Advancing the Science

Mayo Clinic Medical Science Blog – an eclectic collection of research- and research education-related stories: feature stories, mini news bites, learning opportunities, profiles and more from Mayo Clinic.

July 31, 2017

REGISTER NOW–Transform health care one moment at time

By Elizabeth Zimmermann

For a few days, you join a community of intensely curious peopleall of whom are eager to explore foundational questions that are otherwise sidelined in standard analyses of health care in the United States. Transform doesn't shy away from any of it.  
– Lauren Taylor, Co-Author, The American Health Care Paradox, (past Transform speaker)

For ten years Transform has thrived on the expertise and energy of attendees from around the world. Participants influence the course of the conference with compelling questions during unpacking segments, expand the discussion during meet the speaker conversations, and share insights throughout the conference.

Attendees also play a vital role in breakout sessions at Transform. Facilitated by experts who are leading initiatives to make the transformation of health care possible, breakouts provide an opportunity to focus on strategies to address key questions, such as:

What's Wrong?
By carefully identifying problems, considering all of those affected, and executing quick tests of change, health care teams can stop solution jumping and get to the real root of a problem.
Led by Diane Klein and Tracee Vetting Wolf
Mayo Clinic Center for Innovation

What Counts?
By understanding patient segments and choosing meaningful measures, health care providers can be equipped for new payment models and shape the future of how new models are adopted and used.
Led by Elizabeth Teisberg, Ph.D., and Scott Wallace
Value Institute for Health and Care, University of Texas Dell Medical School

What's Broken?
Through a carefully designed process to understand imminent payment reform challenges, health care leaders can catalyze the development of a sustainable framework to transform clinical practice. This allows organizations to thrive, rather than merely react, in a risk-based environment.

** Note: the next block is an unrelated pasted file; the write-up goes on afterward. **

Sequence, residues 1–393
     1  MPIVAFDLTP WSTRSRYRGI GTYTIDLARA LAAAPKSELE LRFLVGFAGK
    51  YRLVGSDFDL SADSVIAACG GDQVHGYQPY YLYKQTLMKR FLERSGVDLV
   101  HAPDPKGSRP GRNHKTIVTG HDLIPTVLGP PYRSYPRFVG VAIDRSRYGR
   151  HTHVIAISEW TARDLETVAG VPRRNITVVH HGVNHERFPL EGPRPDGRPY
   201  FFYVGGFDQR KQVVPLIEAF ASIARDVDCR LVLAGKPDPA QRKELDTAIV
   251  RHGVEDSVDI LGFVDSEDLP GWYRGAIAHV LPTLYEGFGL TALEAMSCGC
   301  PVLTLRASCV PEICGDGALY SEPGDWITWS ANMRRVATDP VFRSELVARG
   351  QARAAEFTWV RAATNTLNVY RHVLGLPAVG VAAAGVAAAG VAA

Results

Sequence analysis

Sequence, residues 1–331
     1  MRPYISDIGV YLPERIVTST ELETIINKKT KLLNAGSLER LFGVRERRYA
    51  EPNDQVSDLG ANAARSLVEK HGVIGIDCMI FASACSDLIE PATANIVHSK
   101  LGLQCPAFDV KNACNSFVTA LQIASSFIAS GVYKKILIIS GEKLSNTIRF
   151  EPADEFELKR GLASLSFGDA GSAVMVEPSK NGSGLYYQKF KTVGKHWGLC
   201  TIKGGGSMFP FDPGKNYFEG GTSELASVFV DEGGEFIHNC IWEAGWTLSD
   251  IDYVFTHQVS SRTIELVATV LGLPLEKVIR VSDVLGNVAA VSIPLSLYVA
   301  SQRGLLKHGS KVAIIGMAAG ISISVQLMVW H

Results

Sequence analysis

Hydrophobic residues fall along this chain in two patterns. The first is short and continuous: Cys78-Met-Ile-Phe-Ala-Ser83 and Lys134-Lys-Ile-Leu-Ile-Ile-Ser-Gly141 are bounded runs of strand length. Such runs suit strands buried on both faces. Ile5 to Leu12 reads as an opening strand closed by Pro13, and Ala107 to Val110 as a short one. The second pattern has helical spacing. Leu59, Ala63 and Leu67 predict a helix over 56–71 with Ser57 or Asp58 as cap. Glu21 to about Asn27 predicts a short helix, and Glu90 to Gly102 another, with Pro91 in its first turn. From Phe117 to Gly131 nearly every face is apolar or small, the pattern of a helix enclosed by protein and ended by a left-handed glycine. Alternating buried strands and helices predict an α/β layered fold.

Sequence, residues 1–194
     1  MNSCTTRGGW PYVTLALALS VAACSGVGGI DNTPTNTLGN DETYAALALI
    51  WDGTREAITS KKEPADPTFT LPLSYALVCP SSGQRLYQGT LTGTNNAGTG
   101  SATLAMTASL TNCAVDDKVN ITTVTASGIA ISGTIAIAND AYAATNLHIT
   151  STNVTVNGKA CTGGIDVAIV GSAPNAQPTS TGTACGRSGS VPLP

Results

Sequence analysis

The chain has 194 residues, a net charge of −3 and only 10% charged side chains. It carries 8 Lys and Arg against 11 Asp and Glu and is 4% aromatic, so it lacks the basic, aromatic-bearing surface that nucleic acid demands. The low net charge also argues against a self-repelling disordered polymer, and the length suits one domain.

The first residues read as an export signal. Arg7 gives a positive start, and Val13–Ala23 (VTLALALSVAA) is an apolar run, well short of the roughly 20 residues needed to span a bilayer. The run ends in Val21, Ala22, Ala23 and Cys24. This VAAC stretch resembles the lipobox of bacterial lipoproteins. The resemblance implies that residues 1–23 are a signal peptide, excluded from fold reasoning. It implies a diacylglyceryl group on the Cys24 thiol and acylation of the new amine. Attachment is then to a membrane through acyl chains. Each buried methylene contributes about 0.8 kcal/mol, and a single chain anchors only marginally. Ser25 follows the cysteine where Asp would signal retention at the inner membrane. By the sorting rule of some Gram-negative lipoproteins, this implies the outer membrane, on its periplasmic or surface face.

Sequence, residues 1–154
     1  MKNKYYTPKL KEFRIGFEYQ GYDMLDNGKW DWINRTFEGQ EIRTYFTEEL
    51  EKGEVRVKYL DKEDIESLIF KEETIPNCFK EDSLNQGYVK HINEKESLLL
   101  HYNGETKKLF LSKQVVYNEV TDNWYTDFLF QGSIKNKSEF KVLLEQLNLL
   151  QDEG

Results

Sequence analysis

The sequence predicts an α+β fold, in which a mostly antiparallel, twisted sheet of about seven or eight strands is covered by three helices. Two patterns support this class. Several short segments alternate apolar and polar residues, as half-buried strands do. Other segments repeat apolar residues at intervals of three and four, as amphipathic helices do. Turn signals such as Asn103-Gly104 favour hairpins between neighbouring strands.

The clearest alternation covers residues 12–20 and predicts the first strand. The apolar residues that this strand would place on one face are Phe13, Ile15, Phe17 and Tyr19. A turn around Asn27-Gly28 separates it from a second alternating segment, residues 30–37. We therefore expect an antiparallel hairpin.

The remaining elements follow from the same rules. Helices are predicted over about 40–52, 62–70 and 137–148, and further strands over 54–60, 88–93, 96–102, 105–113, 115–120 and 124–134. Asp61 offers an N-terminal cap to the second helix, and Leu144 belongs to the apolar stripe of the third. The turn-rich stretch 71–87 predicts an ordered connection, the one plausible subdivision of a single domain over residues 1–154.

Led by Robert Nesse, M.D., Lyell Jones Jr., M.D., Kathleen Harrington, John Poe, Allison Matthews, and David Derby
Mayo Clinic

What Matters?
The victories of social movements can provide insight into how people, health care organizations, and policymakers might work together to expand and invent ways of addressing what people and communities need.
Led by Jackie del Castillo and Halima Khan
Nesta Health Lab

We are at a critical moment: the transition to value-based payment, political and policy uncertainty, and challenges of affordability and access are impacting patients, providers, payers, communities, and systems. Transform 2017 will focus on the essential challenge of closing the gap between people and health.

Transform is the health care innovation conference that brings together change agents and decision makers addressing pivotal issues to boldly transform health care. Please join us September 27-29th at the Mayo Civic Center in Rochester, Minnesota.

Register Now!


Tags: Center for the Science of Health Care Delivery, Events, Innovations, TRANSFORM

The health care transformation is an urgent issue today, but it’s important to remember that all improvement involves change, not all changes are an improvement. People are confused and embarrassed about the new changes in the health care policies, thus transformation may improve the situation if it’s done properly. Transformation requires a sustained change in individual behavior, team interactions, and operations design. Although consultants and information technology vendors can help, experience developing and improving the Personal Money Service company has shown that more than anything, change depends on internal redesign work. Besides, check this article I think there are many great points there. Unfortunately, in the longer term, the prolonged hard work of repetitive, incremental, and often small-scale rebuilding of local operating systems probably cannot be avoided. Individual behavior change motivated by payment reform may be insufficient to generate the quality and efficiency gains needed in coming years.

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